Visa Eases Merchant Debit Rules, Satisfying Regulatory Probe

  • Merchants won’t have to ask cardholders to choose a network
  • FTC drops investigation of Visa’s practices after changes

Visa Inc., the world’s largest payments network, revised rules for merchants using its new chip technology for debit-card transactions after some retailers claimed the requirements inhibited competition.

Merchants won’t be required to ask the cardholder to choose which network processes the debit transaction, San Francisco-based Visa said Tuesday in a statement. Stores can also continue to prompt cardholders to enter a personal identification number, or PIN, on in-person transactions.

“The modifications and clarifications follow new guidance recently issued from the Federal Reserve and address a Federal Trade Commission inquiry,” Visa said in the statement.

The FTC notified Visa on Tuesday that it has closed an investigation it began in July.

“I am pleased that Visa has changed its debit routing rules,” FTC Chairwoman Edith Ramirez said in a separate statement. “This will ensure that merchants, including many small and medium-sized retailers, can benefit from greater competition and route debit card transactions to the payment network they choose.”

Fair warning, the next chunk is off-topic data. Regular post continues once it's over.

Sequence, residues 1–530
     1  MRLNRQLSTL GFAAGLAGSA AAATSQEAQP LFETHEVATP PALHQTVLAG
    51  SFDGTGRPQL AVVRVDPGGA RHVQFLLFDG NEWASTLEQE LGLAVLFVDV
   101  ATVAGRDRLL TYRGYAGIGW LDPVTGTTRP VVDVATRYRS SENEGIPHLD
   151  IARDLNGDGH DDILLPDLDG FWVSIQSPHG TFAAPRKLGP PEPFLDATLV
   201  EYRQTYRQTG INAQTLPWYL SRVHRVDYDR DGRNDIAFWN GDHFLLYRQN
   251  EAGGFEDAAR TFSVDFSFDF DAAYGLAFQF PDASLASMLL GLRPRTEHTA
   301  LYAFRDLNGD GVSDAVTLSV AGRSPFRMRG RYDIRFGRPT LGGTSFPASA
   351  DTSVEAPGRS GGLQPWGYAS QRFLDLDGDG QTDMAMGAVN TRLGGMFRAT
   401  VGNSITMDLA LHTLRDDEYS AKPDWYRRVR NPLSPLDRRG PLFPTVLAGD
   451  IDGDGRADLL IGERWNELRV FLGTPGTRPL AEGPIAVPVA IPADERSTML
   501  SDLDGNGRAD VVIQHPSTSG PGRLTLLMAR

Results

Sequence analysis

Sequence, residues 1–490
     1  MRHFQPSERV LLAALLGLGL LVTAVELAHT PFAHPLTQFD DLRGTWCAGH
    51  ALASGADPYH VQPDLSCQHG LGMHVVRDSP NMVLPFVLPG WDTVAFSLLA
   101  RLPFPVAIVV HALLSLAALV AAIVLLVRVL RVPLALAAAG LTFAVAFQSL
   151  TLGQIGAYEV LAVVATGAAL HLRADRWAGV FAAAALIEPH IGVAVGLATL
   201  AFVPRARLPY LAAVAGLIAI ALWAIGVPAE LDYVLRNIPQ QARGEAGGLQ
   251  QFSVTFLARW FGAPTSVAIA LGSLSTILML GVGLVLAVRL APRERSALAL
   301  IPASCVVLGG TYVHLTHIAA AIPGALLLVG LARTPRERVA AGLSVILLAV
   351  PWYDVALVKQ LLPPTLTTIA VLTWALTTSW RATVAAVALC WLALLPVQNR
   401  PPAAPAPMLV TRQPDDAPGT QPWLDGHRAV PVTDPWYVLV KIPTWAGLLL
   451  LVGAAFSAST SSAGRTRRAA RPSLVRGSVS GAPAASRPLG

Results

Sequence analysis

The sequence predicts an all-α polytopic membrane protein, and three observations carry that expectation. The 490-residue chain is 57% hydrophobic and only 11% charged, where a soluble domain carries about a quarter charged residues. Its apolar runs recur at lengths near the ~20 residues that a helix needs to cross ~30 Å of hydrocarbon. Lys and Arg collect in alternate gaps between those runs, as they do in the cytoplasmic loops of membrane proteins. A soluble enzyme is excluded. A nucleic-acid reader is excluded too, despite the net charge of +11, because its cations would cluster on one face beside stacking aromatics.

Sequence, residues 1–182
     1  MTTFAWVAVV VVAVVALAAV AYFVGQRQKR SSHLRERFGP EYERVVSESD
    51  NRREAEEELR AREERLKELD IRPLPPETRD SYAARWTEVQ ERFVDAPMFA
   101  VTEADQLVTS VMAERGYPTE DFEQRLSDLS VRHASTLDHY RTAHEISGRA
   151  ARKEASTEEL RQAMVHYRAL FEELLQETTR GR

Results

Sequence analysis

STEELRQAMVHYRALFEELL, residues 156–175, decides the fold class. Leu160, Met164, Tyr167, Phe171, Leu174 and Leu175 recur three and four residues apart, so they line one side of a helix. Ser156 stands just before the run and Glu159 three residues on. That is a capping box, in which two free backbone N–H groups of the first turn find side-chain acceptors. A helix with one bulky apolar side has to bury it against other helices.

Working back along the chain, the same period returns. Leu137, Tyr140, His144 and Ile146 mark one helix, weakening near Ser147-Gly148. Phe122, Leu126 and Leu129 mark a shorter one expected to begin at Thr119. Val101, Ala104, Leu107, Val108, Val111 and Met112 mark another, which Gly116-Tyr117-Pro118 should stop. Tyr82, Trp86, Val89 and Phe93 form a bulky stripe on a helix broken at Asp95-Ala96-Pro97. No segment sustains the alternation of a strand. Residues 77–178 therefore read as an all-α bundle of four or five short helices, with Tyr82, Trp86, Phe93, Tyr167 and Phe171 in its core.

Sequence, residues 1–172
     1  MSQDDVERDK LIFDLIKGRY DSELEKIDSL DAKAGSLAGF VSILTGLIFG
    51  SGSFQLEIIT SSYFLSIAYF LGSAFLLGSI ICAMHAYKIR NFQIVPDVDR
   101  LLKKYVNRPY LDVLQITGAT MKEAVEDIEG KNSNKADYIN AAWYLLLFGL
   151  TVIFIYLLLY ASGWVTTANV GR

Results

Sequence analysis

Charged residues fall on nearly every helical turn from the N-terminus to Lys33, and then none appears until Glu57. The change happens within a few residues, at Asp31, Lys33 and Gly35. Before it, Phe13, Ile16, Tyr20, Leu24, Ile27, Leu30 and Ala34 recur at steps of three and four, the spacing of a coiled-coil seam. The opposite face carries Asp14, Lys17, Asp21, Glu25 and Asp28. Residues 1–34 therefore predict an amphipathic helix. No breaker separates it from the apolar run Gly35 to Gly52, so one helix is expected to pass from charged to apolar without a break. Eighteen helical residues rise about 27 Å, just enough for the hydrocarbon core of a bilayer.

Visa fell 2.7 percent to $79.48 at 1:27 p.m. in New York, the worst performer in the 30-company Dow Jones Industrial Average.

Retailer Complaints

Retailers have complained that the fees they’re charged for debit payments have climbed in the aftermath of the U.S. transition to chip-embedded, or EMV, cards. Unlike magnetic-strip cards, whose codes can be copied and stored by hackers for later use, EMV technology generates distinct codes for each transaction. Visa long pushed for the U.S. to accept the technology -- named for founders Europay, Mastercard and Visa -- saying it provided greater security against fraud.

Merchants including Wal-Mart Stores Inc., Home Depot Inc. and Kroger Co. sued Visa this year over the fees as EMV technology has become more widespread. The retailers preferred that customers use a PIN when paying with a debit card, while Visa said shoppers should have the choice of using a signature. Merchant fees on signature debit networks are often more than double what they are on comparable PIN debit networks, according to data compiled by the Fed.

Visa gets about 20 percent of its total revenue from U.S. debit transactions, with those authorized by PIN accounting for 2 percent to 3 percent, Jason Kupferberg, a Jefferies Group analyst, estimated.

“Visa will likely lose some amount of U.S. PIN debit market share, but we would not expect this to represent more than a very low single-digit EPS impact even in a worst-case scenario,” Kupferberg, who has a buy rating on the stock, said in a note to investors.

The Fed said Nov. 2 that requiring merchants to allow cardholders to choose how to route a debit transaction violated the agency’s rules governing such activities.

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